In his book The Art of Forgiveness, Lovingkindness, and Peace, Buddhist teacher Jack Kornfield relates a story about a ritual practiced by the Babemba tribe of South Africa that reveals the kind of reconciliation that leads to a new creation by taking us back to our first creation. When a person “acts irresponsibly or unjustly, he is placed in the center of the village alone and unfettered. All work ceases, and every man, woman and child in the village gathers in a large circle around the accused individual. Then each person in the tribe speaks to the accused, one at a time, each recalling the good things the person in the center of the circle has done in his lifetime. Every incident, every experience that can be recalled with any detail and accuracy is recounted. All his positive attributes, good deeds, strengths, and kindnesses are recited carefully and at length.”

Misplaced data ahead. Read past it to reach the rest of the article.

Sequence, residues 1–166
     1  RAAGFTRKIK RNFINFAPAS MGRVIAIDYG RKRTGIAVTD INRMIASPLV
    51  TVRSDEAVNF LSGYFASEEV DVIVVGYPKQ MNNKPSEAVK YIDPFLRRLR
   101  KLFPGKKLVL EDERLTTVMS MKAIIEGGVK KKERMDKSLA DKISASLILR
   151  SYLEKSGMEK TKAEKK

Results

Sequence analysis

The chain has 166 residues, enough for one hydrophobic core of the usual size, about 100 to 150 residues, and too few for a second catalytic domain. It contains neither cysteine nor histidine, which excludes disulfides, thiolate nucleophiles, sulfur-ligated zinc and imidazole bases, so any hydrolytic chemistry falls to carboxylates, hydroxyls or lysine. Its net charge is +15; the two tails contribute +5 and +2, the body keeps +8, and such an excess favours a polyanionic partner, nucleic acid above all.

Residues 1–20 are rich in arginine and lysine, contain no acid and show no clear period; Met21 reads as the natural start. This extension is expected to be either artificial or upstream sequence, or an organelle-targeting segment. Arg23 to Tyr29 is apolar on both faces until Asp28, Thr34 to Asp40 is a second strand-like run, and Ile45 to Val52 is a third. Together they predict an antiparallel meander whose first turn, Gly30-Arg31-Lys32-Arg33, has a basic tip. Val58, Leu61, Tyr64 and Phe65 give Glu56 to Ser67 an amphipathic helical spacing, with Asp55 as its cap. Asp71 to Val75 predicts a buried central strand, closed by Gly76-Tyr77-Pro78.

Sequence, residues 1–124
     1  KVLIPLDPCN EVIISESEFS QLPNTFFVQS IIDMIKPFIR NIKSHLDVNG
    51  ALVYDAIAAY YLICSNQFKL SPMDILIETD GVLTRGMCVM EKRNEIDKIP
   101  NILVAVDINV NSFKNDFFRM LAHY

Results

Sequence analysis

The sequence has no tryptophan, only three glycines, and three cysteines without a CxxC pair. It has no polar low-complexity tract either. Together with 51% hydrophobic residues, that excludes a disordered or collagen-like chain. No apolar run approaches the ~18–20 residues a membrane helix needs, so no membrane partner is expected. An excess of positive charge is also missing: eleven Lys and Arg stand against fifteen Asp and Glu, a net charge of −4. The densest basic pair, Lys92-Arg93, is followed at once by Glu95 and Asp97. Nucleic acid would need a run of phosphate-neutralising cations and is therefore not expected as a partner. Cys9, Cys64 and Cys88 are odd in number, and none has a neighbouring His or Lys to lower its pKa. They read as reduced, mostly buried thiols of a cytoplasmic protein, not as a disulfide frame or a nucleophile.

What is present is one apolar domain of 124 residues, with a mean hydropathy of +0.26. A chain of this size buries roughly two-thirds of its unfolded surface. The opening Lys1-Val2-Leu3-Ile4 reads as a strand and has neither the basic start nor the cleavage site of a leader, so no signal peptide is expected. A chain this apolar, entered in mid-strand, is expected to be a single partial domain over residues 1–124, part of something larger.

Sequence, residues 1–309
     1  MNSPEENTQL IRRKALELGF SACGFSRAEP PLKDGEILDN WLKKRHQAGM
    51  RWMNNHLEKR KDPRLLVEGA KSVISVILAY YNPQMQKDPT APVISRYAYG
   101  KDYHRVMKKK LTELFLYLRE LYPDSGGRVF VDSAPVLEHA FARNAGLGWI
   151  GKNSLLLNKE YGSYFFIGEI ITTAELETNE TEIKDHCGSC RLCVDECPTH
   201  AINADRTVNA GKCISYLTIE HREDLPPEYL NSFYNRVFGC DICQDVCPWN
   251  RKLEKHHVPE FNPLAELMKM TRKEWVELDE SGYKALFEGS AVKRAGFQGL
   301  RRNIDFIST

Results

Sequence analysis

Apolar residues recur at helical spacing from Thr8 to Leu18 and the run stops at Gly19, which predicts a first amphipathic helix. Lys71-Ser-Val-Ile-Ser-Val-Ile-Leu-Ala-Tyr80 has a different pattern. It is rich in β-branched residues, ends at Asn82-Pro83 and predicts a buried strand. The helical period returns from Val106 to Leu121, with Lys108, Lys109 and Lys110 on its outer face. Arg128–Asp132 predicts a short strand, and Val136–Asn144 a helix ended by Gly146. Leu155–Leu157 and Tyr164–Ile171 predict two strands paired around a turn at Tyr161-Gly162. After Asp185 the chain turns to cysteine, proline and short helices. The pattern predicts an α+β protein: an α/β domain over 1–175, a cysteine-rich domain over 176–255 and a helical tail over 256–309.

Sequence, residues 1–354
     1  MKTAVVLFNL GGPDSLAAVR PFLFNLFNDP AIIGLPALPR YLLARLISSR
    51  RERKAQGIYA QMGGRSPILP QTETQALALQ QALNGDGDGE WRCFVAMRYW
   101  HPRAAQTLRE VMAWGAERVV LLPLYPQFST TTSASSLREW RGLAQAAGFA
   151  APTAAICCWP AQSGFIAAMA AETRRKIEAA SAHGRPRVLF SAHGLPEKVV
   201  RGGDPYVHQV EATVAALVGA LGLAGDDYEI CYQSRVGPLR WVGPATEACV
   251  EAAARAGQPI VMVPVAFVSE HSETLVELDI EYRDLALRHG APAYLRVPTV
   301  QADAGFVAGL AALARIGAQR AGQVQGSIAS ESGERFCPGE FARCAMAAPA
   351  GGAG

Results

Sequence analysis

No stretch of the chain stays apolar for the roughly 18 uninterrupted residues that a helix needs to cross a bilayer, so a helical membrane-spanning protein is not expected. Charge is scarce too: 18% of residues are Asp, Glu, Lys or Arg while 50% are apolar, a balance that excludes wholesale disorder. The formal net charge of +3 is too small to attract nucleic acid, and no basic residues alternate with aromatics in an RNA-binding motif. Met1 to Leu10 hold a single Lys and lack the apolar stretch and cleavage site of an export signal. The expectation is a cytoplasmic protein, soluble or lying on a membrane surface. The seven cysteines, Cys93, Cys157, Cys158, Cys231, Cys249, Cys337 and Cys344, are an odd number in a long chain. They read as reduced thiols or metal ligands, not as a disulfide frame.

The ritual is just the opposite of the old “chapter of faults” practiced in many religious communities, or the catalogue of catastrophic failures many of us recite when celebrating the sacrament of reconciliation. The purpose of this ritual of reconciliation is to remember who we truly are at our core: children of a living and loving God.
During the Easter season, we are once again given a chance to remember who we are and to act out of our best selves. When we do this, we express our identity as people of life, not of death.